Irony is, he'll probably make tons more money having been fired, than he would have ever dreamed about work there. I'm betting he'll end up with a sizeable price on his head for his efforts. The kind of people that hide that kind of money probably have the means to make his life .... err.. difficult.

     

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  10.  
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    wasnt me, Jul 17th, 2008 @ 9:38am

    i don't think this guy will live to see fall.

     

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  11.  
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    Anonymous Coward, Jul 17th, 2008 @ 9:39am

    Re: Thats great...

    "...the means to make his life .... err.. difficult."

    Or non-existent.

     

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  12.  
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    Joe Smith, Jul 17th, 2008 @ 10:04am

    Rewards

    If you surf around the net you will find that someone is offering a multi-million dollar reward for information as to the man's whereabouts. I guess someone wants to have a chat with him pretty badly.

     

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  13.  
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    Beta, Jul 17th, 2008 @ 10:10am

    There are several lessons in this. One is that a bank account is not reliably private if it's attached to your identity. A numbered account (which they create without ever asking for your name) is safer, but the really tricky part is finding a bank that won't rob you when you have no legal recourse.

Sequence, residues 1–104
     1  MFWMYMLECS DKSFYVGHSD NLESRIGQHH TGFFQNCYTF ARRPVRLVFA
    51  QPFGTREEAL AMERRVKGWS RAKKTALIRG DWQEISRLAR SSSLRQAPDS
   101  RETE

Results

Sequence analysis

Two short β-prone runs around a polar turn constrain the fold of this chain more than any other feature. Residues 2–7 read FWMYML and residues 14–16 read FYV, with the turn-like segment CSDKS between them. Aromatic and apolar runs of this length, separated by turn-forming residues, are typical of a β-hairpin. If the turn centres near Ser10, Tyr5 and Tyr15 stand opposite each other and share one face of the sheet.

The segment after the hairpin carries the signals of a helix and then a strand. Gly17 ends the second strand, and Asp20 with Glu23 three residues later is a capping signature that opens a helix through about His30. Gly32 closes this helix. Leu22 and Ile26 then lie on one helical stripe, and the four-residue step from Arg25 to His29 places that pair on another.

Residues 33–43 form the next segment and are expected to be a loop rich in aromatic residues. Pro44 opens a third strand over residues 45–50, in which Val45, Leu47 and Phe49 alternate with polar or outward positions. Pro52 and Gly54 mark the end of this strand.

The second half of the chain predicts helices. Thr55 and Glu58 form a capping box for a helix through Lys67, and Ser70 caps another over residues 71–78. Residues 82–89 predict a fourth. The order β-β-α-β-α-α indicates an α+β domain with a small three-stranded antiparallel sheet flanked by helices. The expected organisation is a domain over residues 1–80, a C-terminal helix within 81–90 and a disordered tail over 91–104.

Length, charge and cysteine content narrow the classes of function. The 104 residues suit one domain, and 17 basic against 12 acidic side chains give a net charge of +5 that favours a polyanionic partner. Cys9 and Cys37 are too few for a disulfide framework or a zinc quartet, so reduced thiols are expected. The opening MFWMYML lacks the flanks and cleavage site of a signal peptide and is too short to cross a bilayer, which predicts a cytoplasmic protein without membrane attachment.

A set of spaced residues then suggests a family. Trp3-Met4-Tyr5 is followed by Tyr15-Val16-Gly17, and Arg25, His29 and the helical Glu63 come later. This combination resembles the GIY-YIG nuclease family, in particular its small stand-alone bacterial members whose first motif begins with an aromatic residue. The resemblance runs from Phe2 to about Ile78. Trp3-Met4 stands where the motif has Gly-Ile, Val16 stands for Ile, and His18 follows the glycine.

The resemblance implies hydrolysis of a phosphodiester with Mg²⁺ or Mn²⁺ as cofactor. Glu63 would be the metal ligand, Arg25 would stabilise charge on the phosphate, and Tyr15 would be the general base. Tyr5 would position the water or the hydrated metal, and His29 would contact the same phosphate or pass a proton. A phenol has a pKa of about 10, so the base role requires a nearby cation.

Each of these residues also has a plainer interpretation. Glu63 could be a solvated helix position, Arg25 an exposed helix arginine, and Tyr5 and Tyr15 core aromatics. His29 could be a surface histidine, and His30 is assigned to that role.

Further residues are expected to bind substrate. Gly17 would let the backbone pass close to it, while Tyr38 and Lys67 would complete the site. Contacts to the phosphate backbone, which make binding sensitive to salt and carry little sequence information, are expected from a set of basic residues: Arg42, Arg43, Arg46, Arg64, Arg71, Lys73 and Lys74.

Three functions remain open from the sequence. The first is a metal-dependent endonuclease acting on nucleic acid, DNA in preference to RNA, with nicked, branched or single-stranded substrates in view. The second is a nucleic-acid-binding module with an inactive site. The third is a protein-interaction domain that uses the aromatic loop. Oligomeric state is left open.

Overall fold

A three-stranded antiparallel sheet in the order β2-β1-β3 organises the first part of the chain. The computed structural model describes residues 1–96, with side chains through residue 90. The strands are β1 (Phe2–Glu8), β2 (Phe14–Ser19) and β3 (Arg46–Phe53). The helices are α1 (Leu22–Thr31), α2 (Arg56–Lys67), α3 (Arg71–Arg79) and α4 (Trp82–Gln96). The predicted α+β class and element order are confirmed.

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  14.  
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    Richard Breidenthal, Jul 17th, 2008 @ 10:20am

    Tax Cheats

    Three cheers for the whistleblower. How much money do these people need? These folks can't spend all the money they have. They don't want to pay their share. That is how they accumulated the wealth, by not playing by the rules.
    That's what caused the French Revolution.
    let's hang-um.

     

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  15.  
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    Anonymous Coward, Jul 17th, 2008 @ 10:25am

    I hope there are no whistle blowers from UBS that find out about this.

     

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  16.  
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    Anonymous Coward, Jul 17th, 2008 @ 10:33am

    Re: Numbered accounts

    I don't think that there are any jurisdictions where you can open a true numbered account. Most international banking regulations require that financial institutions 'know their customer' at some level. I know that even 15 years ago in Switzerland, it was pretty much impossible to get an anonymous numbered account. You could get one if a local lawyer vouched for you, but the lawyer was required to disclose your identity if there was a criminal investigation. Of course, there are probably shady jurisdictions where you can kinda do this, but to participate in the international banking system, they have to follow the rules to some degree.

    The real and smart way to do this is to have shell or even real companies. If you have enough money where taxes are a real issue, then it's far safer to have that money held by various companies, some of which could issue 'bearer bonds'...

    Besides, anyone who is trying to evade US taxes is pretty much a fool. Much better off holding ALL your assets in the US where there are innumerable tax loopholes vs trying to save 5% via some illegal scheme or be potentially subject to taxes in a high-tax bracket country. Unless, of course, your income is from illegal activities....

     

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  17.  
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    DS78, Jul 17th, 2008 @ 11:07am